United Offers Pilots 13% Raise in Bid to Find Labor Peace

United Continental Holdings is reportedly offering pilots a 13% raise in 2016, followed by 3% and then 2% in the following two years. This comes from unidentified sources who are familiar with the negotiations, but not authorized to speak about them.

JetBlue Shakes Up Pilot Hiring by Training Them From Scratch

U.S. airlines hire pilots with flight experience. JetBlue Airways has a different idea and proposed to the FAA that the airline hire potential commercial pilots and provide them with ab initio training. JetBlue wants to start with a trial program called Gateway 7 for 100-seat Embraer SA E190 jet pilots. If that works, the airline will look at extending the program to larger aircraft.

JetBlue plans to start accepting applications in the first quarter 2016, and begin training in mid-2016. Pilots who complete the program would start as first officers in 2020.  Gateway 7 will consider applicants with no prior training as well as those with flight experience, and prospective pilots would pay for their own training.

British Airways named the ‘dirtiest’ transatlantic operator with the airline burning over 50% more fuel than the most efficient carrier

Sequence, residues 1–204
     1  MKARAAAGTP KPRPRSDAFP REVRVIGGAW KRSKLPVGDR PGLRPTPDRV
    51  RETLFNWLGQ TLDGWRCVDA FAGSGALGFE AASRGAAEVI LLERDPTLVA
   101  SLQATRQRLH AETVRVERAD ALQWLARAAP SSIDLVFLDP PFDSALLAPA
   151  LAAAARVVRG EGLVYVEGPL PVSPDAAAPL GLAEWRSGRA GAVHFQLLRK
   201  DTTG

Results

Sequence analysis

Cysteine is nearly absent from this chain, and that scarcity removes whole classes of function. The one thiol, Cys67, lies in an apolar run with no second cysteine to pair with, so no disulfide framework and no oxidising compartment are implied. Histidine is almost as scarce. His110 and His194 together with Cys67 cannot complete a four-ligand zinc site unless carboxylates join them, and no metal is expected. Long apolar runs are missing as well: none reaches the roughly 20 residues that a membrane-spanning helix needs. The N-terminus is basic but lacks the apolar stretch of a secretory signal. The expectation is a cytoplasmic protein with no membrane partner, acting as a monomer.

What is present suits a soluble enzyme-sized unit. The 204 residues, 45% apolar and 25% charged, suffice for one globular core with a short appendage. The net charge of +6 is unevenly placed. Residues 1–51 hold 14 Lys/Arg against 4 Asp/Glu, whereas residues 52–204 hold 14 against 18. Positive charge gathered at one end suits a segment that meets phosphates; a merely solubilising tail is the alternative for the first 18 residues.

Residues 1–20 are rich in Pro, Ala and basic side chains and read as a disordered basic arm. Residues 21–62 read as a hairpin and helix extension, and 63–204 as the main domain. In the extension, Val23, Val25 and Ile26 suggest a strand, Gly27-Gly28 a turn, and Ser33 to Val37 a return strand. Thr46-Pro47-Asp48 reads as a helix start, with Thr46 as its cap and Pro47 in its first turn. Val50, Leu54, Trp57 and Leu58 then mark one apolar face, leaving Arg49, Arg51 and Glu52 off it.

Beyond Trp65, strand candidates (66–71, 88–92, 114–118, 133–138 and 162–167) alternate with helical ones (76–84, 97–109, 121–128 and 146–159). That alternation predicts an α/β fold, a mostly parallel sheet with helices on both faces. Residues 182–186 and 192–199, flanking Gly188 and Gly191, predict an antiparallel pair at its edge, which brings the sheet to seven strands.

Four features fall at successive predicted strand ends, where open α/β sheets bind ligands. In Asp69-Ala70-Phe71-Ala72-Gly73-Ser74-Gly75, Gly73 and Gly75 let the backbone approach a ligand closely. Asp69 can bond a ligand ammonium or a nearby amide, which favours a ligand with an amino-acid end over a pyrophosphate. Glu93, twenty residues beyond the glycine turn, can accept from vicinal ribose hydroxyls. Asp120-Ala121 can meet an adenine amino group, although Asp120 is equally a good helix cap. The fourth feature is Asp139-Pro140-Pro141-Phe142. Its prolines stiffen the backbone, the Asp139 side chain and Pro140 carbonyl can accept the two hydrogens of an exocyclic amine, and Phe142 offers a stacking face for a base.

Environmental think tank International Council on Clean Transportation says British Airways is the worst airline for fuel consumption and carbon emissions on transatlantic routes. Norwegian Air Shuttle was found to be the most fuel-efficient. BA burned 51% more fuel per passenger than Norwegian.

The Airplane of the Week

F-106 Delta Dart

This week David settles a Twitter argument about how ugly interceptors are. He talks about the sexiest interceptor of all time, the F-106A. Visit the F-106 Delta Dart site for the full “Cornfield Bomber” Pilotless Landing story.

The Australia News Desk

Steve is relaxing in Fiji but still takes a moment to chat with Grant and record some content for the OzDesk.

Virgin Australia were the most punctual airline in October but Steve’s aborted take off in one of their aircraft heading to Fiji won’t be helping them achieve the same result in November’s results.

Meanwhile, following on from our story last month about Alliance Airlines getting their Fokkers serviced in Austria, it seems that Lufthansa subsidiary Austrian Airlines are taking a 12% stake in Alliance in return for giving them Austrian’s old Fokkers.

Falcon 7X at Reno

In conjunction with P1 Magazine, Rob brings us an interview with Dassault Falcon 7X demonstration pilots.